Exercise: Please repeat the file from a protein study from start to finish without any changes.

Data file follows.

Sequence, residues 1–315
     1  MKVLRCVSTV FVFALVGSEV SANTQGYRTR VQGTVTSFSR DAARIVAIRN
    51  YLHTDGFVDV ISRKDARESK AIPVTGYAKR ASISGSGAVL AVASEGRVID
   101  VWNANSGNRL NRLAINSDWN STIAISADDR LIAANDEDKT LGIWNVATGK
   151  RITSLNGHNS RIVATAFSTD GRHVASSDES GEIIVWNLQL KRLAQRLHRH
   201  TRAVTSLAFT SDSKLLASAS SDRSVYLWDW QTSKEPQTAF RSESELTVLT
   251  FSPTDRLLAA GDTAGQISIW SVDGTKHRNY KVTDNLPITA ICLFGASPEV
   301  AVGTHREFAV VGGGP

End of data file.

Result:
Sequence, residues 1–315
     1  MKVLRCVSTV FVFALVGSEV SANTQGYRTR VQGTVTSFSR DAARIVAIRN
    51  YLHTDGFVDV ISRKDARESK AIPVTGYAKR ASISGSGAVL AVASEGRVID
   101  VWNANSGNRL NRLAINSDWN STIAISADDR LIAANDEDKT LGIWNVATGK
   151  RITSLNGHNS RIVATAFSTD GRHVASSDES GEIIVWNLQL KRLAQRLHRH
   201  TRAVTSLAFT SDSKLLASAS SDRSVYLWDW QTSKEPQTAF RSESELTVLT
   251  FSPTDRLLAA GDTAGQISIW SVDGTKHRNY KVTDNLPITA ICLFGASPEV
   301  AVGTHREFAV VGGGP